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Dauvergne Ranvier Luberon Vin Gourmand Rouge 2013
Critical AcclaimAll Vintages
When one asks how it all began, François Dauvergne most often responds that “his roots are half in Bordeaux where he grew up and half in the soils of Saint-Polycarpe, next to Limoux, where his family had vines”. He then branched out to the Rhône Valley where he has been for the past 15 years of his career in wine.
As a child, Jean-François Ranvier made his parents blush more than once. In fact, when invited to family friends homes for dinner, little Jean-François couldn’t stop himself from breathing in the aromas in the house and detailing them out load…no matter the quality of the menu. Amateur geologist, he finally chose enology after having earned an agronomist degree. After having directed an enology lab he then took over vinification for a major negociant house in the Rhône Valley. It was here that he would meet and work with François Dauvergne.
In 2004 Dauvergne and Ranvier would leave together to live their dream of creating their own wines, thus making their winery one of the most recognized in the Rhône Valley.
With bold fruit flavors and accents of sweet spice, red Rhône blends originated from France’s southern Rhône Valley. Grenache, supported by Syrah and Mourvèdre typically form the base of the blend, while Carignan, Cinsault and Counoise often come in to play. With some creative interpretation, Rhône blends have also become popular in Priorat, Washington, Australia and California.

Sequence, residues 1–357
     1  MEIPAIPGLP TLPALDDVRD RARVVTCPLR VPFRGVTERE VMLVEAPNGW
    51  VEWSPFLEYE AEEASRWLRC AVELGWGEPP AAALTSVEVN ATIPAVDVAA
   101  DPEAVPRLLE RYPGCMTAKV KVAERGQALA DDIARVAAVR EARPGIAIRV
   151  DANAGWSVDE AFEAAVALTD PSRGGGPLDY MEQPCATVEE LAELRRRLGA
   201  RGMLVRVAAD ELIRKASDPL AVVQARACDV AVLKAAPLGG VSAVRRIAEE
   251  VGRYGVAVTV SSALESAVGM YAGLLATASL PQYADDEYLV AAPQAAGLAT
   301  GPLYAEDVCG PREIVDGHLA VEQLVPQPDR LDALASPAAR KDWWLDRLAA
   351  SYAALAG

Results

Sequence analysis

In the Glass
The taste profile of a Rhône blend will vary according to its individual components, as each variety brings something different to the glass. Grenache is the lightest in color but contributes plenty of ripe red fruit and a plush texture. Syrah supplies dark fruit flavors, along with savory, spicy and earthy notes. Mourvèdre is responsible for a floral perfume and earthy flavor as well as structure and a healthy dose of color. New World examples tend to be fruit-forward in style, while those from the Old World will often have more earth, structure and herbal components on top of ripe red and blue fruit.
Rhône red blends typically make for very food-friendly wines. These can work with a wide variety of meat-based dishes, playing equally well with beef, pork, lamb or game. Braised beef cheeks, grilled steak or sausages, roasted pork and squab are all fine pairings.
Some regions like to put their own local spin on the red Rhône blend—for example, in Australia’s Barossa Valley, Shiraz is commonly blended with Cabernet Sauvignon to add structure, tannin and a long finish. Grenache-based blends from Priorat often include Carignan (known locally as Cariñena) and Syrah, but also international varieties like Merlot and Cabernet Sauvignon. In California, anything goes, and it is not uncommon to see Petite Sirah make an appearance.